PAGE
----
Every Sunday of Advent, the Church, who orders her worship under the divine guidance of the Holy Ghost, provides us with a set of antiphons to accompany the four Psalms and the Canticle of the Blessed Virgin Mary, the Magnificat. What is an antiphon? It is a composition of passages and images from Sacred Scripture, artfully woven together, and given a voice by means of the chant
The antiphons of the Divine Office are, in every season and on every feast, sacraments — let us say “sacramentals” — by which our minds are enlightened, our hearts are inflamed with divine love, and our wills are healed, strengthened, and reordered to choose lasting joy over every selfish inclination and passing trifle. At the same time, the antiphons of the Divine Office are, even before they enlighten, and inflame, and heal us, pure praise of God. We sing the antiphons not for what we will learn from them or get out of them, but because they express the praise due to God alone. It is, in some way, in forgetting ourselves, in going out of ourselves, in rising above ourselves to praise God, that, almost imperceptibly, what is dark in us grows bright, what is cold in us grows warm, and what is twisted in us is made straight. Let us look then at the five antiphons given us this evening.
Antiphon 1: The Lord will come, and will not tarry; He both will bring to light the hidden things of darkness, and will make Himself manifest to all people. Alleluia.
This is a word of reassurance drawn from the prophet Habacuc and from Saint Paul. Just when we begin to sink into self-pity and begin to lose our footing in the edge of despondency, we are given this promise of hope. Things hidden from us now under a veil of darkness will be brought to light. The Lord will show us His Face. He will cause us to hear His voice. And in that day, we will pass from believing and hoping to seeing and possessing.
Antiphon 2: Rejoice greatly, O Jerusalem, for thy Saviour cometh unto thee. Alleluia.
Who is Jerusalem? Jerusalem is, first of all, the city of God’s Chosen People, the place of His Temple, the tenting place of His glory. But now, in the light of Christ, Jerusalem is the Virgin Mary; Jerusalem is the Church Catholic; Jerusalem is every faithful soul. You are, each of you, Jerusalem, and so am I. And to each of us, as to Our Lady and to the Church, the prophet Joel says: Rejoice greatly, for thy Saviour cometh unto thee. Alleluia.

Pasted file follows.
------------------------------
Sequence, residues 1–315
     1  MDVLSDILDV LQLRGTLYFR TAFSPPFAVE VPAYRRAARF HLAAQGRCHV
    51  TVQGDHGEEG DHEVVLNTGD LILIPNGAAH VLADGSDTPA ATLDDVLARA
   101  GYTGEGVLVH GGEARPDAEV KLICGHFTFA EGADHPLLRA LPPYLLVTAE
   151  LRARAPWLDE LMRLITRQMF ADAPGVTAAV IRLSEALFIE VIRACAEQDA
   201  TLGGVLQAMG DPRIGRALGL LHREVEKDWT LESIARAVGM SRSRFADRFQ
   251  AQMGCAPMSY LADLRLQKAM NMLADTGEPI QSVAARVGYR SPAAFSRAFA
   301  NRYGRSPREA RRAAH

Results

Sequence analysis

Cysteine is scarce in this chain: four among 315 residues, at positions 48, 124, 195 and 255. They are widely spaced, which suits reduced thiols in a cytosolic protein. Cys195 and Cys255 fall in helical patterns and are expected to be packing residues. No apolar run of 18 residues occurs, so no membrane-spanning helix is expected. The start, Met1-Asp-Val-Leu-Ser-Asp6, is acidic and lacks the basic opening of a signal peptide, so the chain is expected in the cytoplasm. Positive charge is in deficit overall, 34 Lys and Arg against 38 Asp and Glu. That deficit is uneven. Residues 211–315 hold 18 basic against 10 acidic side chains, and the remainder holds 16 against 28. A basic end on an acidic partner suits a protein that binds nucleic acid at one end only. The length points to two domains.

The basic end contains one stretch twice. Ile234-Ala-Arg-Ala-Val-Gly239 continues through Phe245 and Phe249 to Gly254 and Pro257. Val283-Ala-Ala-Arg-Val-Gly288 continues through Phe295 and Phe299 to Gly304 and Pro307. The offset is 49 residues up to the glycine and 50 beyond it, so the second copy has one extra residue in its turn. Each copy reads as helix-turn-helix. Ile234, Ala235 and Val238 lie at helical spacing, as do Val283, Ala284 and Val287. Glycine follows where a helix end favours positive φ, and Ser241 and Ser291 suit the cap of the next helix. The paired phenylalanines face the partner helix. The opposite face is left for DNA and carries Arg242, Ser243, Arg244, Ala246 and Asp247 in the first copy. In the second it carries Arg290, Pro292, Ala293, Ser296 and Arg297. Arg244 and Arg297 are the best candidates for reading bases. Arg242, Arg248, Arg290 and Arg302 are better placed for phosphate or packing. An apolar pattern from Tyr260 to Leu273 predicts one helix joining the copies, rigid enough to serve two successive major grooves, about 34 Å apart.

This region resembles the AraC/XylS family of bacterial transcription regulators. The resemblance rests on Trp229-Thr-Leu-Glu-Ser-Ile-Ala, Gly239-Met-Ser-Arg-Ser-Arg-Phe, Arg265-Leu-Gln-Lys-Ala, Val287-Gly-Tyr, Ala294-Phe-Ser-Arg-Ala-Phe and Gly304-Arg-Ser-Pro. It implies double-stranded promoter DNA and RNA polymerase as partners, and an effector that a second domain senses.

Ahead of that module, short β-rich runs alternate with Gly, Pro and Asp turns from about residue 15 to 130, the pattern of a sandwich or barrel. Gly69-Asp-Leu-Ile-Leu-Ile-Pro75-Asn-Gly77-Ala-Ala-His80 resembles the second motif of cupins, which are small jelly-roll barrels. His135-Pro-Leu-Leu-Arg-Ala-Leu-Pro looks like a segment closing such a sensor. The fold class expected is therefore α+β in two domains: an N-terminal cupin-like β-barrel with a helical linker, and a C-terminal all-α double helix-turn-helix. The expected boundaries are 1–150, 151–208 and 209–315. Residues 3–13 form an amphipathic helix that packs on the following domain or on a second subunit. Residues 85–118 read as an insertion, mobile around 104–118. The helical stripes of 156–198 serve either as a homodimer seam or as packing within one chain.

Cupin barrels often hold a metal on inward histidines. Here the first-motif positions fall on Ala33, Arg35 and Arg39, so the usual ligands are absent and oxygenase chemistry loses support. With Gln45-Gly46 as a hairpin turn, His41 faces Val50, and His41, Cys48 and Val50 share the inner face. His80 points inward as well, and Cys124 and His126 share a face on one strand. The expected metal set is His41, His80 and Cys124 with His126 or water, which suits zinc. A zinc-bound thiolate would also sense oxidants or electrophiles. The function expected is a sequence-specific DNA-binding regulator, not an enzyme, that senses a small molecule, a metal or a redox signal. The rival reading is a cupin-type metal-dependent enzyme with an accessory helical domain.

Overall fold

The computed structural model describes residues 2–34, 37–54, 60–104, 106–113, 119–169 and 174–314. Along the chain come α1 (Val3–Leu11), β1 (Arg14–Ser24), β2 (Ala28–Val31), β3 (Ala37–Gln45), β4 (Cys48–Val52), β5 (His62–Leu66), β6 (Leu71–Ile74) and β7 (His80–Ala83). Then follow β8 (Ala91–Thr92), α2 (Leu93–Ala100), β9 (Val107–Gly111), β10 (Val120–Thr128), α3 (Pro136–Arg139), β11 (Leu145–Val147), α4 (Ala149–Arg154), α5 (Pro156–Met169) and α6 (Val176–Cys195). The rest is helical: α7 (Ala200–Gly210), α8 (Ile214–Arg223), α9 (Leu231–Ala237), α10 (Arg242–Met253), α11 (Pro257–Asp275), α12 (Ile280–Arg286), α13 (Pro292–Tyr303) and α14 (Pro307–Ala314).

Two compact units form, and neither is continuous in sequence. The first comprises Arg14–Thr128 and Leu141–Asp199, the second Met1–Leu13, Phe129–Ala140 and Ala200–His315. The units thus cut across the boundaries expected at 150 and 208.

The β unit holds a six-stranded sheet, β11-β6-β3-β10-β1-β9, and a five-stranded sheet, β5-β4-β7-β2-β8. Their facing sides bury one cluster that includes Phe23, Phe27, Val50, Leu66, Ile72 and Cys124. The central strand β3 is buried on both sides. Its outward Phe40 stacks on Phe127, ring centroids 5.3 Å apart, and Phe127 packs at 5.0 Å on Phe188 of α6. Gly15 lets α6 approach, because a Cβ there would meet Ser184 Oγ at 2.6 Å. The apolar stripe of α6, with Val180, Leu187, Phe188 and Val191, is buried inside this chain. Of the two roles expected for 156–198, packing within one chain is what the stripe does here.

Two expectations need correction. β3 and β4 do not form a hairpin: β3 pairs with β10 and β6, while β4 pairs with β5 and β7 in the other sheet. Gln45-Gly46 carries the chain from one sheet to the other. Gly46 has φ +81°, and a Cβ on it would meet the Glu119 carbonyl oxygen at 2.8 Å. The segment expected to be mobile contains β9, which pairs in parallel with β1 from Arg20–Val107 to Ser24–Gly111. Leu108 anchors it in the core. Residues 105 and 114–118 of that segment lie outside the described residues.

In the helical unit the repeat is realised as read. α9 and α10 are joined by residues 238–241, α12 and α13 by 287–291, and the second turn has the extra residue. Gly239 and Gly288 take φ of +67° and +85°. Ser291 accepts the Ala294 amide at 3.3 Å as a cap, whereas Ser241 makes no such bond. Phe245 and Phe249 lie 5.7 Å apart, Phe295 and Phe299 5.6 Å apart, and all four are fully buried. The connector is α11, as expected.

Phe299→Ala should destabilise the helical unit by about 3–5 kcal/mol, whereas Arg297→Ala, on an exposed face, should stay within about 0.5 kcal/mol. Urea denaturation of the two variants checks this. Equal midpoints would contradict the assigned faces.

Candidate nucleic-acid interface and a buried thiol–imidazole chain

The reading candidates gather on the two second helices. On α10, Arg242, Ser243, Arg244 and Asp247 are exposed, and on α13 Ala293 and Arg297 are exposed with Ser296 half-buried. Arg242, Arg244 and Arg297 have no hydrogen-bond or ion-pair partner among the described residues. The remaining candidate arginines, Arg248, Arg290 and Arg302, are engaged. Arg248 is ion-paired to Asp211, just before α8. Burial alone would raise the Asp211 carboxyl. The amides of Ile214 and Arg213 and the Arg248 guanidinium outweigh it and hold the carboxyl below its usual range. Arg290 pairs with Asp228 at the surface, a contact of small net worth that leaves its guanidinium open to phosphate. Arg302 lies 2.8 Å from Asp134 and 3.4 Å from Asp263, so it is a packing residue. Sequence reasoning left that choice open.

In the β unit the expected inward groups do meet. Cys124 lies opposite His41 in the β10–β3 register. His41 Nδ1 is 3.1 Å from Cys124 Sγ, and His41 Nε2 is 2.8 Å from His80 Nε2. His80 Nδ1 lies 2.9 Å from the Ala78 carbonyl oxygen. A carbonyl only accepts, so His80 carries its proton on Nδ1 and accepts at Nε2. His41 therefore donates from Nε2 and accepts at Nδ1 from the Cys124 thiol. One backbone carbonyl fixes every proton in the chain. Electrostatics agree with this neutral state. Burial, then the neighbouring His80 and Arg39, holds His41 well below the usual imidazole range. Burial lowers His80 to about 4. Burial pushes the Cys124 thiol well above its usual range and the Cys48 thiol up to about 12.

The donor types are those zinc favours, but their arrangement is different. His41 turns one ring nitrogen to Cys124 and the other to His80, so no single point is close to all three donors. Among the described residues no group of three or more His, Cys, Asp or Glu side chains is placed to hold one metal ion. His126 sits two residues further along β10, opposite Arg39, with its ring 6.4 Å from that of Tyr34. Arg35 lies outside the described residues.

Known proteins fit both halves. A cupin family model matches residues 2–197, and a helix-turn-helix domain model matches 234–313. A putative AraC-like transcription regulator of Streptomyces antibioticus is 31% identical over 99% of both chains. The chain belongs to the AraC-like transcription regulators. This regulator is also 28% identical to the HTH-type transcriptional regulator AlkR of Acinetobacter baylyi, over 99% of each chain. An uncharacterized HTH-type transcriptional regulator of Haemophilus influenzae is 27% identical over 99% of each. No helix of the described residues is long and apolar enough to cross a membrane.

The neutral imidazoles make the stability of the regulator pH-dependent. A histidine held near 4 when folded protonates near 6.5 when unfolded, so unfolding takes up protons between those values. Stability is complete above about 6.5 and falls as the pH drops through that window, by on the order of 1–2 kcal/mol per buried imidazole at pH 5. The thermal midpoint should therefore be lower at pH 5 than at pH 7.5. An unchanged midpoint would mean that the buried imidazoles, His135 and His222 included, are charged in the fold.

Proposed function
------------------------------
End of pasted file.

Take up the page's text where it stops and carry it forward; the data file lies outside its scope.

Antiphon 3: I will place salvation in Sion, and My glory in Jerusalem. Alleluia.
This is a promise of God, made by the mouth of the prophet Isaias, and fulfilled in Christ and in the Church for our sakes. “I will place salvation in Sion.” The Church of Christ, endowed with the seven sacraments, is the place of our salvation, that is the place of our restoration to health of soul and body. The Church is the place wherein the Divine Physician waits for all who are broken, wounded, confused, and distressed. And the Church of Christ is the place where, even now, as in a mirror darkly, we catch a glimpse of the glory of God that shines on the Face of His Christ. There is no tabernacle on earth that, sheltering the Sacred Host, is not the place where Glory dwells, that is where we, drawn on by faith, can discover a glimpse of what awaits us in heaven.
Antiphon 4: We should live justly and piously, looking for that blessed hope and the coming of the Lord.
It is Saint Paul writing to Titus who addresses us in the fourth antiphon: “We should live justly and piously, looking for that blessed hope and the coming of the Lord.” To live justly is to live in such a way that one’s mind, heart, and will are adjusted to the Will of God. The man who lives justly adjusts himself to the prayer of Jesus to the Father: “Father, if thou wilt, remove this chalice from me: but yet not my will, but thine be done” ( Luke 22:42). To live piously is to live under the influence of the gift of piety, one of the seven gifts of the Holy Ghost. The gift of piety disposes one to live with childlike reliance on the Father’s goodness and with confidence in the Father’s love. It disposes one to fear offending God and to seek always the things that please Him. Why did the Word become flesh? In order to communicate to us the grace of divine sonship, in order to make us by grace what He is by nature. It is this that fills us, not with dread of things to come, but with an irrepressible and joyful hope.
Finally, there is the fifth antiphon, that of the Magnificat. It is addressed not to us, but to Mary, full of grace; to Mary, the Cause of Our Joy; to Mary, blessed among women.
Antiphon at the Magnificat: Blessed art thou, O Mary, who hast believed the Lord, for there shall be a performance of those things which were told thee from the Lord. Alleluia.
This is a song in praise of the Blessed Virgin Mary’s faith, for it is by her faith that we have faith. It is because she hoped that we can hope. It is because Our Lady held fast to the word announced to her by the Angel, that we can stake our lives on every word of God.
And so, you see, dear friends, the treasure that we are given in the antiphons of the Divine Office. Let not such a treasure slip away into oblivion. Store up in your hearts the words and the melodies of this Advent Vesper Office, and you will go away mysteriously, but really, illumined, warmed, and healed.